The Shattering of the Mask 23
By Morticia

See part 1 for disclaimer

Chakotay rather enjoyed taking command of Beta shift. He didn't have to deal with Harry Kim's glowering sneers, Tuvok's habit of perpetually following him around the bridge with his eyes while pretending not to, or Kathryn's habit of perpetually second guessing his judgment calls.

He was also finding the relative quietness of the shift beneficial to helping him keep his reports up to date, the Mess Hall was usually quiet when he went to lunch and there was invariably a holodec free when he wanted to use one at shift end.

He didn't know how the various denizens of the Delta Quadrant understood that they only were allowed to attack the ship during Alpha shift, but somehow it seemed that nothing particularly interesting or dramatic ever happened on Beta and Gamma shifts, so he could concentrate on his own problems instead of being embroiled in the rest of the Universe's hang ups.

Problem. Not problems. Just problem singular.

Tom Paris.

Paris was haunting him. There was no other word to describe it. He was obsessed with the long-legged blond. Tom's face flashed constantly into his head, filling all the gaps in his memory with pictures of Tom's face.

He had told Kathryn that he wanted the shift change because he didn't want to run the risk of frightening the vulnerable pilot if he should suffer one of the fits that she had mentioned. It had been partially true, of course, but the real reason was that he couldn't bear to see Tom and not touch him.

He didn't mean sexually. He wasn't *that* insensitive a bastard that he would allow his personal attraction to be a factor. He just couldn't escape his memories of the moment when Tom had been swinging that knife in his quarters, with blood gushing from his forearm and he had had to slap Tom to get hold of the knife.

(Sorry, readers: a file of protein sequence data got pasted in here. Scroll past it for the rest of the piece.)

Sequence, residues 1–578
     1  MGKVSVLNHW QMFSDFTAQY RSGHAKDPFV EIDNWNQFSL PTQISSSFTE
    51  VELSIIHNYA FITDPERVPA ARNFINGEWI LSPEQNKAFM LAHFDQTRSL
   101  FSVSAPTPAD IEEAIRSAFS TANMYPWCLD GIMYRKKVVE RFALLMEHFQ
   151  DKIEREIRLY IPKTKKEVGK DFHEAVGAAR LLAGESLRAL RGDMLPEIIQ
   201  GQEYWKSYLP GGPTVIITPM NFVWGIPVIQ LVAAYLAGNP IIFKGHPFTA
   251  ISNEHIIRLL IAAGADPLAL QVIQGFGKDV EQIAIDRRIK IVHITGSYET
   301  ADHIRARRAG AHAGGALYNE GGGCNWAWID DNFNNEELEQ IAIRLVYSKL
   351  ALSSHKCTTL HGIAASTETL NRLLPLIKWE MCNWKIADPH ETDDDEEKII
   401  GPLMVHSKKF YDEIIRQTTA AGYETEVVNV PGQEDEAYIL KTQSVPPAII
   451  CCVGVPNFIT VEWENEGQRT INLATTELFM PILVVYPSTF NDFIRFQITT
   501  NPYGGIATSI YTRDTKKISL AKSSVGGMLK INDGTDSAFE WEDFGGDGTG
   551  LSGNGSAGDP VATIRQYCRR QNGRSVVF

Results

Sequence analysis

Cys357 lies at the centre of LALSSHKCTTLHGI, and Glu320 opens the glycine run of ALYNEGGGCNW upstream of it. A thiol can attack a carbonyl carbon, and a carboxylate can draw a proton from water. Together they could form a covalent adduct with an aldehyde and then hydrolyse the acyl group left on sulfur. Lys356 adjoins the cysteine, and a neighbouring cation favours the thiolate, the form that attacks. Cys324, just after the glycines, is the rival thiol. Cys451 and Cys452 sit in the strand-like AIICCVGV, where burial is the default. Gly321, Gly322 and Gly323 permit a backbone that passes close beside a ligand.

Even now, weeks later, the sound of his own palm connecting with Tom's cheek haunted his dreams. Although he knew he had possibly saved Tom's life with his action, the look of complete terror on Tom's face had been more than he could bear to remember.

The way that Tom's eyes had gone black and dull with shock and he had looked at Chakotay in that moment as though *he* was the most terrifying thing that Tom had ever seen.

Instead of fighting him, Tom had dropped the knife and had started to sink towards his knees in a motion of complete submission to whatever further violence Chakotay intended. Tom's terrified capitulation had shocked the Commander so much that he had barely remembered to grab hold of the knife and whisk it out of harm's way  before Tuvok and O'Halloran had beamed into Tom's quarters.

It horrified him that Tom was so vulnerable, so broken, that he would respond to violence with submission. It haunted him even more than the thought that Tom had been harming himself.

What if someone really attacked Tom?

Tom obviously couldn't defend himself. Whatever those bastards had done to him had broken Tom so badly that he didn't even dare to fight back anymore. Chakotay couldn't even begin to imagine what it would take to make a brave man like Tom so defenseless, but he hoped Tom's rapists were dead and rotting in hell for what they had done.